If you are selling a house, you can assume that receiving an offer from a buyer is the end of the story. You can accept the offer, the buyer will buy your home, and you are free to move on to your next adventure.
The only problem is that a lot of potential things can go wrong even after accepting an offer. And one of the most common issues that could affect the ability of your sale to come to fruition has to do with a home appraisal.
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How might an appraisal affect your home sale?
Many buyers who make an offer to purchase a home will make it subject to certain conditions. And one of the most common contingencies is a valuation contingency.
When an appraisal contingency is included in a sales contract, the buyer agrees to buy your home as long as it values at the purchase price. This means that a professional appraiser will need to come and assess the condition of your home, compare it to other similar properties that have been sold recently, and determine the market value of your home.
Buyers can put an appraisal contingency in a contract because they get a mortgage and their lender won’t lend them more than a certain percentage of the home’s value. Or they can put an appraisal contingency in the contract to make sure they don’t end up paying too much even if they pay cash for the house.
The problem is that sometimes the appraiser will decide that the house is not is actually worth as much as the buyer offered to pay you for it. If the valuation is too low, the buyer would usually have the option to opt out of the transaction, so the sale could fail entirely. Or they might ask you to lower the price to the estimated amount, which would mean you might be forced to accept less money than you want or risk losing the buyer altogether.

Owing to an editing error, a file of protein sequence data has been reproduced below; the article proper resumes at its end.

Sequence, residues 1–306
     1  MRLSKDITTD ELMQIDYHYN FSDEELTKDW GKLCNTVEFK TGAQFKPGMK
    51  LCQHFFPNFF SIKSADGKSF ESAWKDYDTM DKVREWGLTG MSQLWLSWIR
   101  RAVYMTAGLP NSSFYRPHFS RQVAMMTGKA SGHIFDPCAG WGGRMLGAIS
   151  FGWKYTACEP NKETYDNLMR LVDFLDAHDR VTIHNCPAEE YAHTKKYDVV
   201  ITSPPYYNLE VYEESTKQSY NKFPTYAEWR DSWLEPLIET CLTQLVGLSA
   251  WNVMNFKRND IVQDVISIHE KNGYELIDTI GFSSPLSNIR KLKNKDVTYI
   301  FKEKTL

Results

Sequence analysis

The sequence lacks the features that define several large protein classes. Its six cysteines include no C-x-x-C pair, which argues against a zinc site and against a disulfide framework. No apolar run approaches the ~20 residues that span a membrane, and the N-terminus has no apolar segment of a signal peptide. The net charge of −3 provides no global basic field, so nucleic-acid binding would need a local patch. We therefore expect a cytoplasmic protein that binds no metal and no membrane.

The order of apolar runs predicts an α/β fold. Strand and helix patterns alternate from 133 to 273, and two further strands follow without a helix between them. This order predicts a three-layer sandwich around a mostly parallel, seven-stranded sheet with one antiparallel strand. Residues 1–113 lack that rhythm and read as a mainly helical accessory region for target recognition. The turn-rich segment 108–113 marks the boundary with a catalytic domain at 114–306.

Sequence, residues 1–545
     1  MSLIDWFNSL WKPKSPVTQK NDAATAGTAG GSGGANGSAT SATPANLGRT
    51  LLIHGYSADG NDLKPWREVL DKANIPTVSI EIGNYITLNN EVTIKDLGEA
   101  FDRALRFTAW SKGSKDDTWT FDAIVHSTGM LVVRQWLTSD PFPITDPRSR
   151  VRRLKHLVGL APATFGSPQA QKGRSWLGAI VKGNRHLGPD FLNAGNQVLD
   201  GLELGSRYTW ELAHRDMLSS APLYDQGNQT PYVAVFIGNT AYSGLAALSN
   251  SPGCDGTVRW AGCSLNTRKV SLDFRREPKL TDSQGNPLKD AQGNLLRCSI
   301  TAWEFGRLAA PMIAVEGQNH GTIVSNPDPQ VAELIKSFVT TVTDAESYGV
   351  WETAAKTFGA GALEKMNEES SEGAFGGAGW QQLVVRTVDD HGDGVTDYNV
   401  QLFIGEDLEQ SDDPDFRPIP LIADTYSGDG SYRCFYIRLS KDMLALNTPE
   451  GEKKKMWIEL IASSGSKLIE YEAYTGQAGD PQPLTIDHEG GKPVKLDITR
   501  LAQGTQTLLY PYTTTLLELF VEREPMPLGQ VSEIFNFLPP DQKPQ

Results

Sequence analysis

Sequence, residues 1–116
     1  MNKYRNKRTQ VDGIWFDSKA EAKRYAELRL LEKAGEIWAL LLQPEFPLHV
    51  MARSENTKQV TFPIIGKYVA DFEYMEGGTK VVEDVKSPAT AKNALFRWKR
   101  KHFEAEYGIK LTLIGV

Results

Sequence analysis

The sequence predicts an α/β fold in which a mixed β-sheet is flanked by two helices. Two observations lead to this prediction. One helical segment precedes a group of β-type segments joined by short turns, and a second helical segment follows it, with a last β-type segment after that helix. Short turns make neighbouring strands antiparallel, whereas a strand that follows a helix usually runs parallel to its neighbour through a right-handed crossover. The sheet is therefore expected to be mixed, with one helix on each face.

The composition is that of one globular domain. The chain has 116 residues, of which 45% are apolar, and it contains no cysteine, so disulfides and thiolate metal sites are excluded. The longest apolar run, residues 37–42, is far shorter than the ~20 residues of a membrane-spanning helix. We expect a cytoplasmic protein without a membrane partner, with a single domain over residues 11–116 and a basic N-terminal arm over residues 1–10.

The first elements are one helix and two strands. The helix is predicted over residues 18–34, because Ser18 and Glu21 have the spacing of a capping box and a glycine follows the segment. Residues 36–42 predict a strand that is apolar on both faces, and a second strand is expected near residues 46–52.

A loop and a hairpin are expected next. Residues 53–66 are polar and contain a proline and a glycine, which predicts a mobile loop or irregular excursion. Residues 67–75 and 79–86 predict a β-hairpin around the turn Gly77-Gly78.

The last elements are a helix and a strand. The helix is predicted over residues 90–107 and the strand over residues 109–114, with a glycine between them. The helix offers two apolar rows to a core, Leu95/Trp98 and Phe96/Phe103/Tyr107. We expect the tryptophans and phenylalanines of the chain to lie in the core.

Unfortunately, with today’s seller’s market, many buyers are bidding high on homes in order to get their bids approved – but the homes don’t necessarily value those high amounts that buyers are bidding on. Therefore, there is a good chance that you will find yourself facing this type of situation, especially if you accept a very high bid on your property.
What to do as an owner to reduce the risk of a valuation problem
As an owner, there is little you can do to prevent a sale from collapsing if the valuation is low. While a buyer can decide to close a sale anyway, they may choose not to, or may be unable to do so because their mortgage lender will not give them a large enough loan.
While you want to make sure your home looks great for the appraisal, things like cleaning and decluttering can’t go further. The most determining factors in assessing market value are things that cannot easily change, such as square footage or number of bedrooms.
You can, however, evaluate the offers carefully. If you receive multiple offers from buyers for your home and one does not include an appraisal eventuality, it may be a good idea to choose this one, even if it is a little lower than another offer that does. made. By choosing an offer that is not dependent on a successful review, you are removing a potential hurdle that could affect the flow of the sale.